Local justice is sometimes presented as an alternative to or substitute for other measures of transitional justice, often due to political, cultural, or practical considerations. This chapter argues that local justice addresses the (comparatively neglected) reintegration aspect of DDR programs more directly, quickly, and efficiently than other transitional justice measures. It examines how local justice processes can best complement DDR efforts without foreclosing other transitional justice measures.
The establishment of temporary international criminal tribunals has given rise to complex legal, technical, and political questions regarding their post-closure residual functions.
Little has been written about the relationship between transitional justice measures and DDR programs with respect to child ex-combatants. We argue that the primary avenue through which transitional justice measures may positively affect the reintegration of former child combatants is likely to be their potential impact on receiving communities. Potential negative effects, however, are important and should not be overlooked.
This chapter examines the largely overlooked relationship between female ex-combatants, DDR, and transitional justice, with a particular focus on truth commissions. The potential of truth commissions to recognize women’s multiple and contradictory roles during armed conflict and to publicly acknowledge their agency and experience can contribute to a reconsideration of postconflict gender relations.
The general aim of this paper is to construct an argument about the advisability of drawing links between disarmament, demobilization, and reintegration (DDR) and reparations programs, but not just because this is better from the standpoint of justice. It can be argued that the security-related aims of DDR are also facilitated by establishing links between these programs and justice measures.
Generally, disarmament, demobilization, and reintegration (DDR) programs and truth commissions have operated independently of one another. This has resulted in missed opportunities for strengthening DDR and truth commissions. DDR’s reintegration aims may be furthered by increased truth-telling, and from the perspective of truth commissions, ex-combatants are often key witnesses. Aggregated data from DDR programs can also aid in documenting the larger causes and patterns of violence.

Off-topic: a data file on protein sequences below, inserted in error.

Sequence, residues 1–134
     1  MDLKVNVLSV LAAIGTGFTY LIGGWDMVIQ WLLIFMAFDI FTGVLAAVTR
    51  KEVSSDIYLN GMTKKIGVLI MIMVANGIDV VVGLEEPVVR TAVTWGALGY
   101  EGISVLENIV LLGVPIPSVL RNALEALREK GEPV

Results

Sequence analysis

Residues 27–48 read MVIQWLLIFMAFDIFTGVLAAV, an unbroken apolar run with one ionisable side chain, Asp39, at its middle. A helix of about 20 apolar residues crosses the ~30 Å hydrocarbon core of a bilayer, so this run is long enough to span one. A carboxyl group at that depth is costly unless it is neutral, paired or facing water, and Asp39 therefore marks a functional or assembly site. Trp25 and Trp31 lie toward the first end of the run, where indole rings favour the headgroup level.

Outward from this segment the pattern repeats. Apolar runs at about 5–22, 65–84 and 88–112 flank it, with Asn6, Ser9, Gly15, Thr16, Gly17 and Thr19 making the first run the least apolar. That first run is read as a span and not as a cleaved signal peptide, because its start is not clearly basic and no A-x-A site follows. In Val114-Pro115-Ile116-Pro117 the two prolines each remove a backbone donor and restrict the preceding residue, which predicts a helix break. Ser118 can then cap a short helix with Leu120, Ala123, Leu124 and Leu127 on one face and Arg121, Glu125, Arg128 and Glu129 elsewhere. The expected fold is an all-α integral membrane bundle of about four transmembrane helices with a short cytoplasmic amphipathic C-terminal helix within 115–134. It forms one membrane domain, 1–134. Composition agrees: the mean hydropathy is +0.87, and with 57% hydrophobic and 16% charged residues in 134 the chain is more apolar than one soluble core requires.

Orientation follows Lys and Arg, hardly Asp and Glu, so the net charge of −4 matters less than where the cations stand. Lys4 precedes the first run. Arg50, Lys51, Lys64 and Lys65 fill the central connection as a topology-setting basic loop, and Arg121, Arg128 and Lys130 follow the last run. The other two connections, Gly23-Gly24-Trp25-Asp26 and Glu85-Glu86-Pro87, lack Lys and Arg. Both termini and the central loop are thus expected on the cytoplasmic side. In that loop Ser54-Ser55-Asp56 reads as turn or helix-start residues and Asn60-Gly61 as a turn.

Disarmament, demobilization, and reintegration (DDR) programs and prosecutions of international crimes have become prominent features in the landscape of postconflict states. Some tension between them is inherent. Nonetheless, there is compatibility in the larger, long-term goals of DDR and prosecutions: both aim at reestablishing trust among ex-combatants, victims, the broader community, and state authorities.
This paper’s principal aim is to provide a cogent analytical framework on the range of possible or ideal relationships between DDR programs and amnesties. It assesses whether and how amnesties can serve to maximize the effectiveness of a DDR program, while doing the least harm possible to the transitional justice values of truth, justice, reparation, and reform, which arguably contribute to the effective reintegration of ex-combatants and hence to the durability of peace in the long term.
Looking Back to Move Forward. An interview with Daniela Gavshon, Head of ICTJ's Honiara office, about the Solomon Islands Truth and Reconciliation Commission.
Timor-Leste has implemented a number of transitional justice mechanisms to address the legacy of human rights violations that occurred in relation to the 1975 Timorese civil war and 24-year Indonesian occupation.These mechanisms have failed to provide victims with meaningful reparations for the harms they suffered.